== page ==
Not to mention there is no guarantee that playing in the Netherlands or Portugal will be better for his development than MLS. Benfica or Ajax and potential action in European tournaments? Maybe. NAC Breda or Tondela? Maybe not.

Nevermind the quagmire that is American youth soccer clubs’ not earning money from transfer fees, the Arriola drama seems baseless. We don’t know the Galaxy will hold the player hostage, but they would actually be depriving MLS of a talent, as LA would theoretically get nothing should TJ sell him to a European club.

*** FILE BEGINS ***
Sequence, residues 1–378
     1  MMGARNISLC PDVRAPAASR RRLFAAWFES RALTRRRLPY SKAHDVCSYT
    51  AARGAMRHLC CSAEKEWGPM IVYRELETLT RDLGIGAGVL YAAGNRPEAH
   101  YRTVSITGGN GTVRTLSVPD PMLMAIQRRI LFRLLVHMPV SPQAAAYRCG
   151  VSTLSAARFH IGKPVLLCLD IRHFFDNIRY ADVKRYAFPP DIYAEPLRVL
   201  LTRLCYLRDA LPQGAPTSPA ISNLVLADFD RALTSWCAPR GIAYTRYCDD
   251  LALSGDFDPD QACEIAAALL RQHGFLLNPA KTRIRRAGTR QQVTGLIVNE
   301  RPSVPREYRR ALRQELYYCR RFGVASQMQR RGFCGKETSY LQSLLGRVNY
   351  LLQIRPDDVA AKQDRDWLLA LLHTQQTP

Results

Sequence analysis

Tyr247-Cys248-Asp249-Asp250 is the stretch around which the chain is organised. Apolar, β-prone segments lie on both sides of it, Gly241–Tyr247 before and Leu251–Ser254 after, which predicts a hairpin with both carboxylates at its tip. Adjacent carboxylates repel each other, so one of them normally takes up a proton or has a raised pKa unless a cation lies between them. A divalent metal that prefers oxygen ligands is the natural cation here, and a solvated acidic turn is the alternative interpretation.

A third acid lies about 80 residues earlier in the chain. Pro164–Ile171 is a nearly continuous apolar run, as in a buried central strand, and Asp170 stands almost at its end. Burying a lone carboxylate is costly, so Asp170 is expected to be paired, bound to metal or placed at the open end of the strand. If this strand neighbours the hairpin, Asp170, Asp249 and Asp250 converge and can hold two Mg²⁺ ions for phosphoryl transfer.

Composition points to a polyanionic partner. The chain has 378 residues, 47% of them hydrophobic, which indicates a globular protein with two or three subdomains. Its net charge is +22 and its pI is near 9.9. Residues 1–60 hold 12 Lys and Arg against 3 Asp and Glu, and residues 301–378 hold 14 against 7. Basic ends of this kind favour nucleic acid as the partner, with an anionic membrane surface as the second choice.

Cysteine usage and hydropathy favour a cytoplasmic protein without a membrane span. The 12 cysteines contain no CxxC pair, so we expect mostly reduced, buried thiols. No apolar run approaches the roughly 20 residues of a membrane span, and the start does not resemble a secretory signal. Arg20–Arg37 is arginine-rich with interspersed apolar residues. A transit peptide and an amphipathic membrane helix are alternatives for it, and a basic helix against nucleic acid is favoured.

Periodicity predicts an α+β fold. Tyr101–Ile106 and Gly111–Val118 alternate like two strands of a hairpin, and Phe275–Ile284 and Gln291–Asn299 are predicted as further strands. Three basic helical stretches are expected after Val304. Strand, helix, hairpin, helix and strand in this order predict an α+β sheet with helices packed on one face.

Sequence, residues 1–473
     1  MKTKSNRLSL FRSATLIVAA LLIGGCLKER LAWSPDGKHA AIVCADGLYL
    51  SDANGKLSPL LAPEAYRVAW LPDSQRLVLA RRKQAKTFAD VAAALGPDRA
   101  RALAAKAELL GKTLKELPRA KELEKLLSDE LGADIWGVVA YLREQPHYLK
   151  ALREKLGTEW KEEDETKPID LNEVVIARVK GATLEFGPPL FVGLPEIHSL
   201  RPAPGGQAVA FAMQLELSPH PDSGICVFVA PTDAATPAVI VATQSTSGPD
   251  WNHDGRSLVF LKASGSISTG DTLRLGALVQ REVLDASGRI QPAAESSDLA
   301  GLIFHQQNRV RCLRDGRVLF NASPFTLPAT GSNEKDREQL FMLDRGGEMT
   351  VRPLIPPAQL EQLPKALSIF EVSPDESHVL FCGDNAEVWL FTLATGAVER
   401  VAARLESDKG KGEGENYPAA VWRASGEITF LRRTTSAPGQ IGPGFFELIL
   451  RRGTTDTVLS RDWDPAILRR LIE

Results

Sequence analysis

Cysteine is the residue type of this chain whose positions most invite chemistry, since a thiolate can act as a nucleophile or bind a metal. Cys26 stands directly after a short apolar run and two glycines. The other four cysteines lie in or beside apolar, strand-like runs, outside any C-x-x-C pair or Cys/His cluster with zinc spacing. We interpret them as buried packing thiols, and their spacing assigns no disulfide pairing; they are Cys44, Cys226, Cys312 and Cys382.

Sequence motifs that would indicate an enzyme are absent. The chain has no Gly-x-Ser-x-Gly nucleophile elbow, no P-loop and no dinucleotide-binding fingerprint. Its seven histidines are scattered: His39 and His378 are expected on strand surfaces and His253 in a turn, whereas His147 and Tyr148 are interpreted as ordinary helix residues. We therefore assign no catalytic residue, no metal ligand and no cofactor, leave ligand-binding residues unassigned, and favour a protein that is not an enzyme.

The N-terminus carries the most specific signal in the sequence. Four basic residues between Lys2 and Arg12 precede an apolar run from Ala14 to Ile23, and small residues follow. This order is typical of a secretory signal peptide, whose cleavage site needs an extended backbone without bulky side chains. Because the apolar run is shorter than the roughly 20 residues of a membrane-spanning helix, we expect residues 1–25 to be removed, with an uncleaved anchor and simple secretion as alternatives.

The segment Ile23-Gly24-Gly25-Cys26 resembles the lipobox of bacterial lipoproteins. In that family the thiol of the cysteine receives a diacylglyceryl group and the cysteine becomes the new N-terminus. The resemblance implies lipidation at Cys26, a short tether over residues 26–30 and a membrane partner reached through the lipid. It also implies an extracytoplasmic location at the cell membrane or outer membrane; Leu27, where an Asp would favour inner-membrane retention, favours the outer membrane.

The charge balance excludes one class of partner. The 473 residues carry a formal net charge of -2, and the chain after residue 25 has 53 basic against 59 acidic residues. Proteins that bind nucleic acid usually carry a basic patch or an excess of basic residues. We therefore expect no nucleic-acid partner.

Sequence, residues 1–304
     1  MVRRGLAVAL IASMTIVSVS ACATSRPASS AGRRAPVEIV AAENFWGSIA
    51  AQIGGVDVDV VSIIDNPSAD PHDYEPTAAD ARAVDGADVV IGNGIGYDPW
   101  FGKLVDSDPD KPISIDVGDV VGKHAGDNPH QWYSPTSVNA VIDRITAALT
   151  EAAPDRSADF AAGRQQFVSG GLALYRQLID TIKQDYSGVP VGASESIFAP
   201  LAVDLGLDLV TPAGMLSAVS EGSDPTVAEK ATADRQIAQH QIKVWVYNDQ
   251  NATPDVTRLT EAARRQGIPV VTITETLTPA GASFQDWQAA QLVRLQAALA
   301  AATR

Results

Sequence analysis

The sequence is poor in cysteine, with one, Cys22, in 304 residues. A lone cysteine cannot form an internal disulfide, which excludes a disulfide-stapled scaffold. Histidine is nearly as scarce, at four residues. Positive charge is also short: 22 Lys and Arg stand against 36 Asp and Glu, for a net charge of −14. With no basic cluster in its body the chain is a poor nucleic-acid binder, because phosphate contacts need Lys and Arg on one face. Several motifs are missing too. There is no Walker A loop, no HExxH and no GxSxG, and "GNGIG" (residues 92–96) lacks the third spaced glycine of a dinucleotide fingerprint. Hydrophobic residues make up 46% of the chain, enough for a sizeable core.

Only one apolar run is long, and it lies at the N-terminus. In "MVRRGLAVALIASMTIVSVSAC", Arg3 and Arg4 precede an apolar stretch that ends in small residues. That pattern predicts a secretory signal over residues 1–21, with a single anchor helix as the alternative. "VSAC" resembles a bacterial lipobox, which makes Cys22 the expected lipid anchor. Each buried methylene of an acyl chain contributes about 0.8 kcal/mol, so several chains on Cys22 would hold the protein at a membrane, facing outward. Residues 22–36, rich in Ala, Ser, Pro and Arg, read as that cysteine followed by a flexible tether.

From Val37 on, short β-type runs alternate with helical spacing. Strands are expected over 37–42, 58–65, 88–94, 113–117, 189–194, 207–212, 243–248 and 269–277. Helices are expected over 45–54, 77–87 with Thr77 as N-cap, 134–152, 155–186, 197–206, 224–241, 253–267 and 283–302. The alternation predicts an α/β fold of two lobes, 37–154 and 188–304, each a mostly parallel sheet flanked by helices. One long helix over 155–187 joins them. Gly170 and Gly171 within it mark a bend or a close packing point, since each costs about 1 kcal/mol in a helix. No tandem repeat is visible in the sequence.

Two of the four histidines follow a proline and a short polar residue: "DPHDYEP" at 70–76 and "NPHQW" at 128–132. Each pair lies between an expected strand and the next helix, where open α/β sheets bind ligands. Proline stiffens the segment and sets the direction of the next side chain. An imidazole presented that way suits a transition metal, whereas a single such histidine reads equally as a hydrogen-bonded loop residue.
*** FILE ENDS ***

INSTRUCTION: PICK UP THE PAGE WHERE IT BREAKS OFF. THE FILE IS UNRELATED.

In any event, check out Arriola’s use chart from Tijuana and you’ll see why he’s valued by Bruce Arena as well as his suitors. He’s a Swiss Army Knife. Here’s hoping Tinseltown doesn’t stop him from a proper next step (assuming he’s ready to leave Liga MX).